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California Legislative Directory| Classifieds | Sofa Degree

Summer Recess

E-216 - Wednesday, July 31, 2019

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RECENT AURAL PLEASURE:

  • Look West Podcast (Assembly Democratic Caucus): Assemblymember Tasha Boerner Horvath and Carlsbad City Councilmember and 3x Women’s World Longboard Surfing Champion, Cori Schumacher, discuss equal pay for equal play, and why gender pay inequity is still an issue in the world of sports (2019-07-23] [Look West | iTunes | Google Podcasts]
  • Force of Law Podcast (Laurel Rosenhall @ CalMatters): episode four - "at the risks officers face on the job and why many in law enforcement say the final version of a bill to curb police shootings no longer puts them in greater danger" (2019-07-20)
  • KQED'S Political Breakdown Podcast (Marisa Lagos and Guy Marzorati): Senator Scott Wiener (D-San Francisco) (2019-07-18)
  • Gimme Shelter Podcast (CalMatters's Matt Levin and LAT's Liam Dillon): earthquakes and housing (2019-07-18)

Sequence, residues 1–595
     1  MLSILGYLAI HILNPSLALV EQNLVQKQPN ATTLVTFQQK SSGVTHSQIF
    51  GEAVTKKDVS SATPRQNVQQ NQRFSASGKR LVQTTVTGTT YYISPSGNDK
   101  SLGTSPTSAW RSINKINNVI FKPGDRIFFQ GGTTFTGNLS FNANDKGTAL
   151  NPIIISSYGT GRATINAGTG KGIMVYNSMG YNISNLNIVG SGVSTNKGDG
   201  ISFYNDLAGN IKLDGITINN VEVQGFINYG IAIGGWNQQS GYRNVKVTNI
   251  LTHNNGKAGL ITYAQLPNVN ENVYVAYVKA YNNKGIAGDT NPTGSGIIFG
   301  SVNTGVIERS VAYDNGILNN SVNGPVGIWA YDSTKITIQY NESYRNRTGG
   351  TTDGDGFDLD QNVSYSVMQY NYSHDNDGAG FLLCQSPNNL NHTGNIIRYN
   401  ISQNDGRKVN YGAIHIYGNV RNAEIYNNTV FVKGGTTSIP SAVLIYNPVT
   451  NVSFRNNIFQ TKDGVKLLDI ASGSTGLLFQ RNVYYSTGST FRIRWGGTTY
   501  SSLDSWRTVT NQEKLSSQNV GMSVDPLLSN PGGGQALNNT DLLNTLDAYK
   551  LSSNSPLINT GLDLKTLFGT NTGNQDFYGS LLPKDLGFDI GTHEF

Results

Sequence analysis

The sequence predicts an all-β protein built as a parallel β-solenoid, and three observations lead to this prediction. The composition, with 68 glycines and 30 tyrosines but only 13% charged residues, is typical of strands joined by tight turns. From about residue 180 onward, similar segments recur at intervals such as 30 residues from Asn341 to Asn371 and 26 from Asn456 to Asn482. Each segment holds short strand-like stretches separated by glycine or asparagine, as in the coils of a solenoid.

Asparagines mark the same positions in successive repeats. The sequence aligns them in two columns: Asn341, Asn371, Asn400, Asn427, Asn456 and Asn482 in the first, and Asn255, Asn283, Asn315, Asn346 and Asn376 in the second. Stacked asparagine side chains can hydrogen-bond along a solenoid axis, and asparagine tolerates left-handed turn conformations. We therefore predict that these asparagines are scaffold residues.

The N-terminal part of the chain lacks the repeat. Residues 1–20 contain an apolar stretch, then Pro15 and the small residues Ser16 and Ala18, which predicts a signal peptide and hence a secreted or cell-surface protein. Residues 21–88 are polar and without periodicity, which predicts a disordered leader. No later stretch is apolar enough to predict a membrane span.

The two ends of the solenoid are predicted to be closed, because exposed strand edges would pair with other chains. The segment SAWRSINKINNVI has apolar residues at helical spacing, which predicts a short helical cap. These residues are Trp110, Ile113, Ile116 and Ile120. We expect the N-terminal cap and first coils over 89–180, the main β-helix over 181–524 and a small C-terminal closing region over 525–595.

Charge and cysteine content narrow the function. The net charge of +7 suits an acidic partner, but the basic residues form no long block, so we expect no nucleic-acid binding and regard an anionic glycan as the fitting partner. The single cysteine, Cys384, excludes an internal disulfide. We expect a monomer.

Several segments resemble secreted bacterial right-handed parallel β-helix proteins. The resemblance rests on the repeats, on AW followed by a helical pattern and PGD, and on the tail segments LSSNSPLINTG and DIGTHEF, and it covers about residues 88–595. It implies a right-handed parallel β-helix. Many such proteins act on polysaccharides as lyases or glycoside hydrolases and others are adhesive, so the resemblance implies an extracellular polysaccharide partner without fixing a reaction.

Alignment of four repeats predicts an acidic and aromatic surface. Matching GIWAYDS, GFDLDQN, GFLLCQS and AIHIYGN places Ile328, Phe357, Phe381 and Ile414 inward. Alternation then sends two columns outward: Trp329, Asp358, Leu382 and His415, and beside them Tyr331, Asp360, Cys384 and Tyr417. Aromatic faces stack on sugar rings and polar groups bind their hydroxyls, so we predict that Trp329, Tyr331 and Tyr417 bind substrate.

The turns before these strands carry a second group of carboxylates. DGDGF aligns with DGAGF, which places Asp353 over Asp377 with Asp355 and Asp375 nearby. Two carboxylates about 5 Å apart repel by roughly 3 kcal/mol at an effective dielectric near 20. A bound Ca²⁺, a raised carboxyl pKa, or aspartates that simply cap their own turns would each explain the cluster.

• SacTownTalks by The Nooner (Gibran Maciel and Scott Lay): Lieutenant Governor Eleni Kounalakis (D) (2019-07-17) [YouTubeSimplecast | iTunes

ELECTION UPDATES:

IN TODAY'S NOONER:

  • beJUULed - Eureka!
  • SB 27 - Presidential/gubernatorial tax returns act
  • More election law
  • Emissions
  • Homeless
  • No horsing around
  • It's electrifying!
  • Cakeday   

Note: JUUL just amended its campaign filing, removing the $100,000 to the California Voter Project.

Happy campaign finance deadline day! Midnight tonight is the deadline for state semi-annual and Q2 lobbying reports. While some candidates have filed over the last few days, most will wait until this evening. Many geeks will be refreshing this SOS page as they are watching the second night of Democratic debates tonight.

BEJUULED - EUREKA! I think we've found the mysterious sponsorship money for the California Democratic Party convention by vaping company JUUL that left lots of delegates upset. On May 25 (six days before the convention), JUUL gave $100,000 to the nonprofit "California Voter Project." The officers of that nonprofit are lawyers at Miller & Olson, LLP.

Miller & Olson is a law firm that works primarily for Democratic-leaning candidates and committees. They are arms' length from Olson Hagel, which is across Capitol Mall and serves as the General Counsel to the California Democratic Party. Well, Rebecca used to work there...